4. Give up on BEE. It isn’t working. Free shares for new black partnerships in old white companies has made everyone poorer except for Tokyo Sexwale. Giving people control of existing business won’t make more jobs either. In fact, big companies aren’t growing, they’re reducing staff and costs. The key is entrepreneurship. People with initiative, creative ideas and small companies must be given tax breaks and assistance. Young black professionals must be encouraged to start their own businesses rather than join a big corporation’s board as their token black shareholder or director. Government must also stop thinking that state employment is a way to decrease unemployment – it isn’t – it’s a tax burden. India and China are churning out new, brilliant, qualified people at a rate that makes us look like losers. South Africa has a proud history of innovation, pioneering and genius. This is the only way we can advance our society and economy beyond merely coping.

5. Stop squabbling over power. Offices are not there for you to occupy (or be deployed to) and aggrandize yourself. Offices in government are there to provide a service. If you think outrageous salaries, big German cars, first-class travel and state housing are the reasons to aspire to leadership, you’re in the wrong business – you should be working for a dysfunctional, tumbledown parastatal (or Glenn Agliotti). We don’t care who the Chairperson of the National Council of Provinces is if we don’t have running water, electricity, schools and clean streets. You work for us. Do your job, don’t imagine you ARE your job.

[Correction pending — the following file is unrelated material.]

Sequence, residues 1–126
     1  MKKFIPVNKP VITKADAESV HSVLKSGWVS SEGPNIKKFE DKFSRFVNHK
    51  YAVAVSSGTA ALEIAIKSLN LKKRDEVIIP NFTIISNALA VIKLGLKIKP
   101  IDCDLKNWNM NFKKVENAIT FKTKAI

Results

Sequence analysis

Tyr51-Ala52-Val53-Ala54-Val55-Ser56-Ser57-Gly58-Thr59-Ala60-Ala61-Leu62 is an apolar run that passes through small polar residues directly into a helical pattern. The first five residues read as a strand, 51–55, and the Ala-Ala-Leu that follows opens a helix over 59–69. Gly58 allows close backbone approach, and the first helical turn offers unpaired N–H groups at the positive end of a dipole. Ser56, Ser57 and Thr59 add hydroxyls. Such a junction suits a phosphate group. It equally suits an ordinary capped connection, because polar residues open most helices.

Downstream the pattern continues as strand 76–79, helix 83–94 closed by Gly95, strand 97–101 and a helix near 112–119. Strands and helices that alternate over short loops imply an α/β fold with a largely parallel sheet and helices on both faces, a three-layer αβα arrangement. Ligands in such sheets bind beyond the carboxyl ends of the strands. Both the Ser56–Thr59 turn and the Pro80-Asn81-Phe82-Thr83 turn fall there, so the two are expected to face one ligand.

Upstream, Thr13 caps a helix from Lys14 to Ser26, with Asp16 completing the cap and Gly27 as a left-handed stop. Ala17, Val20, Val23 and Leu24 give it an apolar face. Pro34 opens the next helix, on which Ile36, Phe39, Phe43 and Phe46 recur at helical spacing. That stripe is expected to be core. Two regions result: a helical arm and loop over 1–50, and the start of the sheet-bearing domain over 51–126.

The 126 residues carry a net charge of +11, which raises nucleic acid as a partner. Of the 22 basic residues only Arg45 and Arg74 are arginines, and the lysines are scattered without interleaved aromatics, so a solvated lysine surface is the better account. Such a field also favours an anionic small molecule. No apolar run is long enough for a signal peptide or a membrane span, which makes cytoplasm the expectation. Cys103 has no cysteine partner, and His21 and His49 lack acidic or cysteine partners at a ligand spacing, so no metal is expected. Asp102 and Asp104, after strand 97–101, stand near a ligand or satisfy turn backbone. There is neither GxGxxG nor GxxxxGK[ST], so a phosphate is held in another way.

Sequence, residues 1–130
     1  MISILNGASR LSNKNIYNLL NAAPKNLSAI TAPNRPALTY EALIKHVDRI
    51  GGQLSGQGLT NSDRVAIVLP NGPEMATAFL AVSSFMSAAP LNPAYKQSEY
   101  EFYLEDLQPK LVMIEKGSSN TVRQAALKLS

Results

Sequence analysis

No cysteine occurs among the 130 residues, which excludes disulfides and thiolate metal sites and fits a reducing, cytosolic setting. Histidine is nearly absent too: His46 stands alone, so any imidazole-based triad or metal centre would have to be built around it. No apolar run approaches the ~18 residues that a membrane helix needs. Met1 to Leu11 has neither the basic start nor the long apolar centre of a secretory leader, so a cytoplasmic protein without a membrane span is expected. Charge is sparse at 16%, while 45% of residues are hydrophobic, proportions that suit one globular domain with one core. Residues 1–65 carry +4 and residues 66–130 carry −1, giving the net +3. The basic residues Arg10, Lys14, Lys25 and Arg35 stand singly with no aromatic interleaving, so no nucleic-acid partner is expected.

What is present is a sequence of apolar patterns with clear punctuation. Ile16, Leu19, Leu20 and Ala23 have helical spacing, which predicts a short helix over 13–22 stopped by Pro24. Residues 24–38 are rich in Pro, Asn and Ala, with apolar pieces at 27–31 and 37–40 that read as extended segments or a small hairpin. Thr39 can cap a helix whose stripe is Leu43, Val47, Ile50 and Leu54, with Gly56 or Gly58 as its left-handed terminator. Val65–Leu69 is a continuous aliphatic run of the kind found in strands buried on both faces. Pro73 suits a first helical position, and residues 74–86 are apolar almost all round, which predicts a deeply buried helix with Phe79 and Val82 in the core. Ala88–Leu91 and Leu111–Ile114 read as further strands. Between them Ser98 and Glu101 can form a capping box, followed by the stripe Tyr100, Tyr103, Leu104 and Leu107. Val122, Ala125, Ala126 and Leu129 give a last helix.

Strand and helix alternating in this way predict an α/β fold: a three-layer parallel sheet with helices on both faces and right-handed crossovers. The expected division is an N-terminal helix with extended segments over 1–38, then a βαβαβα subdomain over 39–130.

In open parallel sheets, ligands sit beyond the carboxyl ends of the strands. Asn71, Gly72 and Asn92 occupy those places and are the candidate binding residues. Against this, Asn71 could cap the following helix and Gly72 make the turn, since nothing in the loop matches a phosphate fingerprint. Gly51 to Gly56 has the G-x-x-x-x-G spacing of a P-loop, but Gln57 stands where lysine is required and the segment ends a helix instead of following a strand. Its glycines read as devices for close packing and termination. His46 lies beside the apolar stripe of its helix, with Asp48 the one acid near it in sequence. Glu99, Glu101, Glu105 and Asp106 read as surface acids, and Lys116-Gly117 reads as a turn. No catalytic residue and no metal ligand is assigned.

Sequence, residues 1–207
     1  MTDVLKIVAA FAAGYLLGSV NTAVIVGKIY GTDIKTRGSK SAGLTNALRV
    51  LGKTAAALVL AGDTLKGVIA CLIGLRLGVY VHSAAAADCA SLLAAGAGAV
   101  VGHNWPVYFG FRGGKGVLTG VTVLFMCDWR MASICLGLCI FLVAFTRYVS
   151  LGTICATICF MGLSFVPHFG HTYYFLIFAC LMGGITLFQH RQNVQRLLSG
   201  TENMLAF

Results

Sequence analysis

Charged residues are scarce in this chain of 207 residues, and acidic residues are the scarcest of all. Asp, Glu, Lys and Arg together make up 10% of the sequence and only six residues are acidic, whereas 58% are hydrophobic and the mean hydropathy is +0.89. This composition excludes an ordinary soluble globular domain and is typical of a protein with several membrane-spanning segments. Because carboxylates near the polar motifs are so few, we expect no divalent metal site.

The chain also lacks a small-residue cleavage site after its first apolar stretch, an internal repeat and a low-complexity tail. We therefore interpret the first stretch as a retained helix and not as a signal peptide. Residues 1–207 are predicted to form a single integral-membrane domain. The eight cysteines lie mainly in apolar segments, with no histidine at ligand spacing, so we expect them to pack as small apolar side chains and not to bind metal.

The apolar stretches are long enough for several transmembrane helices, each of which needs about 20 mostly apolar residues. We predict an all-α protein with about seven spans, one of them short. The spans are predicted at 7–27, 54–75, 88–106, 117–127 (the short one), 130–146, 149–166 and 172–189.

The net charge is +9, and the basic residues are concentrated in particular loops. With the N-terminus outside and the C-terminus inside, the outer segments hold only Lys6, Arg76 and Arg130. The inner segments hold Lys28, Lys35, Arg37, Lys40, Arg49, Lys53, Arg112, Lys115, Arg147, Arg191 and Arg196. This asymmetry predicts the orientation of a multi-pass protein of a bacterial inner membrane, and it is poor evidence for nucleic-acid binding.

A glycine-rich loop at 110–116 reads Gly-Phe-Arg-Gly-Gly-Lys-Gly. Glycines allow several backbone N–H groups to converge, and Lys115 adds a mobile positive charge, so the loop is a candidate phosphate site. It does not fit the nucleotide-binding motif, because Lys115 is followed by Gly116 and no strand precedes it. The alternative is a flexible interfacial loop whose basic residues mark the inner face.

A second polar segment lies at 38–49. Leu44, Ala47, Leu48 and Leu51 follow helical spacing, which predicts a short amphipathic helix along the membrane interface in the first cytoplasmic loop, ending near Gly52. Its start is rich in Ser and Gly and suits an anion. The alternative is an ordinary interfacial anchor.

6. Stop renaming things. Build new things to name. If I live in a street down which the sewage runs, I don’t care if it’s called Hans Strijdom or Malibongwe. Calling it something nice and new won’t make it smell nice and new. Re-branding is something Cell C do with Trevor Noah, not something you can whitewash your lack of delivery with.

7. Don’t think you’ll be in power forever. People aren’t as stupid as you think we are. We know you sit around laughing about how much you get away with. We’ll take you down, either at the polls – or if it comes down to the wire – by revolution (Yes, Julius, the real kind, not the one you imagine happened in 2008). Careless, wasteful and wanton government is a thing of the past. The days of thin propaganda and idealized struggle are over. The people put you in power – they will take you out of it. Africa is tired of tin-pot dictators, one-party states and banana republics. We know who we are now, we care about our future – and so should you.